One morning before school in late October, I was making lunches. The house was stirring; I could hear the kids shuffling around upstairs and going through their individual routines. One of the boys turned on the music. A melancholy tune by Post Malone filled the house.

We’d gone to a Post Malone concert that weekend. We left Blake’s baseball game late that afternoon and drove to Columbia and got to our seats just in time. We still talk about that night as one of the highlights of 2022.

Two days later, as I stood at the kitchen counter cutting crusts off bread, I felt a sense of togetherness even though we were all in different rooms. I also felt something else, a feeling I might not be able to name if it weren’t for a line in Gretchen’s Rubin’s book “Happier at Home”.

Rubin writes about how one Saturday she was unloading the dishwasher while her husband watched TV and her daughters played in the other room. She says she was hit with a wave of homesickness. She realized she was feeling homesick for the exact moment she was in.

I wrote a newsletter last summer about making peace with impermanence and it received more replies than almost any other newsletter. I continue to discover that joy is found in the right now moments, but those present moments continue to fade into the next. Is it possible to stay right here, right where I am all the time?

Being in the right now can make me feel so vulnerable, as I did in the kitchen that morning. It stirs up feelings I don’t always know what to do with, so I go someplace else: inside my head, to my overflowing to-do list, to Instagram, or to Netflix. But this time, I felt compelled to stay with the feeling and let it pass on through, as feelings do.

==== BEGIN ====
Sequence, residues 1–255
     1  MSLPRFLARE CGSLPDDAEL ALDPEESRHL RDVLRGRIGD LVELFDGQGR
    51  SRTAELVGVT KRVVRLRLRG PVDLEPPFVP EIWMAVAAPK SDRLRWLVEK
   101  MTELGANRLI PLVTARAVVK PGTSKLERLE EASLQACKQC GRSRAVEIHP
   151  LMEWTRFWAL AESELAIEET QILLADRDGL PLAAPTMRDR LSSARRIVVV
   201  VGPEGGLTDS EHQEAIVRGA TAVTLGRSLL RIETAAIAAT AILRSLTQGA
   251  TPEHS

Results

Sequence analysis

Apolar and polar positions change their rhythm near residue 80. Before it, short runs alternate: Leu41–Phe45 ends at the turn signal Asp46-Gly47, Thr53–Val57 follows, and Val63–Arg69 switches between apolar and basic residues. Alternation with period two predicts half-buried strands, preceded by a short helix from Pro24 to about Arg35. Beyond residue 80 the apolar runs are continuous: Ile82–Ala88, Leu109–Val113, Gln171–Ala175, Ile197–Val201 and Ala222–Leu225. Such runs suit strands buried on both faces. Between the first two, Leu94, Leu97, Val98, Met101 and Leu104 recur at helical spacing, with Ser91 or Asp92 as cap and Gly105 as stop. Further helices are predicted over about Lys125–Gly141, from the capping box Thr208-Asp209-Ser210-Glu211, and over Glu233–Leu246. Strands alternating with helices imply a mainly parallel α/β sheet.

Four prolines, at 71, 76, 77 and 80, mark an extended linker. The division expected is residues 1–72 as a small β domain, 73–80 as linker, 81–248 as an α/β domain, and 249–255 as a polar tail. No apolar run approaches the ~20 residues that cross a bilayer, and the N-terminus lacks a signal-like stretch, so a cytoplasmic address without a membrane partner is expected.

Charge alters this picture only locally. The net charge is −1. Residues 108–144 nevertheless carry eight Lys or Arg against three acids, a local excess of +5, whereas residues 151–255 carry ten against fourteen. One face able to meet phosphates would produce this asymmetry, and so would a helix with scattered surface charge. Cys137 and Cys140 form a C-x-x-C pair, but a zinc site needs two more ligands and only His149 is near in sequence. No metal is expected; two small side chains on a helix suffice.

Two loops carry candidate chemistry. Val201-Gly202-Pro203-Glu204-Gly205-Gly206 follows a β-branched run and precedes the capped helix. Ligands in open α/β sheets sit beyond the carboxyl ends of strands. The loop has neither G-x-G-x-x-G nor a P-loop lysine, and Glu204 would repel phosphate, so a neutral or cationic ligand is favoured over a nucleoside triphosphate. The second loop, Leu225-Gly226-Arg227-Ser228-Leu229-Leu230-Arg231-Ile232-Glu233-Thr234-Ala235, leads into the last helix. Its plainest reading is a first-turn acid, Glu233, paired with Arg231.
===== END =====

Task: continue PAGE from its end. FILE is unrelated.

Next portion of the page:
I also went on Amazon and looked up “Happier at Home”. The book came out in 2013, a whole decade ago. Rubin spent 10 months exploring ways to make home feel more like home, and I always intended to follow along and blog about it. But I never did. Blame it on my own perfectionism, inconsistency, and the fact that I was still living in a world of diapers, sippy cups, and toddlers climbing on the kitchen counter.

I honestly think I donated the book, probably during one of my decluttering sprees when I give things away that I later regret. So I bought the book again, and to prove I’m really doing it this time, I’ve already read chapter one and I’m going to share my thoughts about it next week.

Rubin started her Happier at Home project in September, but as with most things, today is always a good time to begin.

Join my unofficial book club:

I will document the process of my own personal “Happier at Home” project and I invite you to join me. But since this is an unofficial book club there are no rules. Here’s a link to the book if you want to check it out.

Also, click here to watch a short video of us at the Post Malone concert. It kind of makes my heart explode. I’m also sure that I’m singing the wrong verse.

                                                                                     Watch the video

Thanks for reading. I’m glad you’re here. I invite you to share Hello Friday with a friend.